Years after serial killer Charles Severance terrorized Alexandria, Virginia, and was convicted in three murders, the lead prosecutor is sharing key insights into the case.
Commonwealth’s Attorney for Alexandria, Bryan Porter, provided insight on why Severance chose his victims — and why he honed in on a specific Alexandria neighborhood.
“He wanted it to be terrifying,” Porter said of Severance’s crimes.
Porter recalled the years he spent working on the investigation and prosecution of Severances’s crimes while sitting behind his desk inside the Alexandria Courthouse building. If anyone can know a man without talking to him, Porter said he has come close — having read thousands of pages of Severance’s writings.
In 2016, a Fairfax County jury agreed with Porter that Severance was guilty of killing three people over a 13-year span, starting with realtor Nancy Dunning’s murder in 2003.
Porter hung his case on ballistics evidence and the similar manner in which transportation planner Ron Kirby and music teacher Nancy Lodato were killed just as Dunning had been — shot in broad daylight at their front doors.
Severance was convicted and sentenced to life in prison plus an additional 48 years.
“He writes specifically about the method, and he writes specifically about the guns and ammo; and it’s not hard to pull out what he was thinking. But on the flip side, he never names the victims specifically. He hints at them,” Porter said.
But Porter believes he knows why Severance chose his victims. Neighbors in Alexandria have long supposed that Dunning was killed because she was married to then-Sheriff Jim Dunning, who fell under suspicion following her death. Porter confirmed Dunning’s husband was the link to Severance, dating back to a custody dispute between Severance and his son’s mother.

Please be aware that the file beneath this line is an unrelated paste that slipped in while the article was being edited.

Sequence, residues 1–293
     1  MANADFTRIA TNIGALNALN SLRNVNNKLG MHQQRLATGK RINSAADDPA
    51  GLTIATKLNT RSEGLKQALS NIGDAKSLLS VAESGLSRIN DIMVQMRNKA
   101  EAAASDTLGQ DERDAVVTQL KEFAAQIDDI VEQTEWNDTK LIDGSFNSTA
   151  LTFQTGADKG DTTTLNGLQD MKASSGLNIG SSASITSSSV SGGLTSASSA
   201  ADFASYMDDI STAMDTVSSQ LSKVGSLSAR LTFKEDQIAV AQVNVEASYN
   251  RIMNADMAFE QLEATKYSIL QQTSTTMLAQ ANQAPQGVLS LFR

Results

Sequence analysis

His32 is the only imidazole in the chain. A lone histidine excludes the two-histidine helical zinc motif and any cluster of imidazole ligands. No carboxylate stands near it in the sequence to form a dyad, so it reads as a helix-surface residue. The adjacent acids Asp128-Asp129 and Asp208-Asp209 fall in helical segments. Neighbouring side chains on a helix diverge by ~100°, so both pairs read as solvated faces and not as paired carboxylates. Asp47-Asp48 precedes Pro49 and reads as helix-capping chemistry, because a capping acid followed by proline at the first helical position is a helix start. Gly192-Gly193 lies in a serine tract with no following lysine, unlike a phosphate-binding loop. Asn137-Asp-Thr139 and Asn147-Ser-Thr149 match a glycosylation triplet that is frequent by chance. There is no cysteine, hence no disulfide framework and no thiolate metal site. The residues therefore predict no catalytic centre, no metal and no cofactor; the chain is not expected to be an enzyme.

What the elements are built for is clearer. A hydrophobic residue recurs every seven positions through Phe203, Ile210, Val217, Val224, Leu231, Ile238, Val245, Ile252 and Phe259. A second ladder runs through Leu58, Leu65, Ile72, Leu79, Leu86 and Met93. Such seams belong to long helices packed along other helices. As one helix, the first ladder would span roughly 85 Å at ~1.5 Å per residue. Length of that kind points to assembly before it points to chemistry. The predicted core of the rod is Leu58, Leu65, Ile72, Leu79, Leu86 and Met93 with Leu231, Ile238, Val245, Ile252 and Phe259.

“I know he was extremely angry about the custody dispute. They were real reasons to blame the deputies because they had protected his son throughout the custody battle and the judge wouldn’t allow him to even touch his kid. I know Severance blamed the deputies for that because of his writings, and then they served him a protective order with Jim Dunning’s name on it,” Porter said.
“What he was doing, I think was, ‘Hey you want to take my kid away from me? OK, I’ll take away your wife away, and we’ll see how that feels,'” Porter said of Severance’s thought process.
But it was the seemingly random killings of Kirby in November 2013 and Lodato the following February that pushed the community of Alexandria to the edge.
Porter understands that it is human nature to want to make sense of why someone dies, but he said the victims’ deaths had nothing to do with who they were — rather, where they lived.
“Honestly, and this is a controversial opinion, I think he was picking the neighborhood, and he was looking for older people home alone during the day by themselves because he thought it’s easier prey for him. And if you think about it, in that neighborhood, anyone who is at home at 11 on a weekday is probably going to be affluent. They’re likely going to be retired. If you’re affluent and retired, that means you probably have connections in the city,” Porter said.
Severance lived in Park Fairfax, on the outskirts of the neighborhood where he killed all three of his victims who lived within a mile of each other. Porter said Severance had to drive through that neighborhood to go home.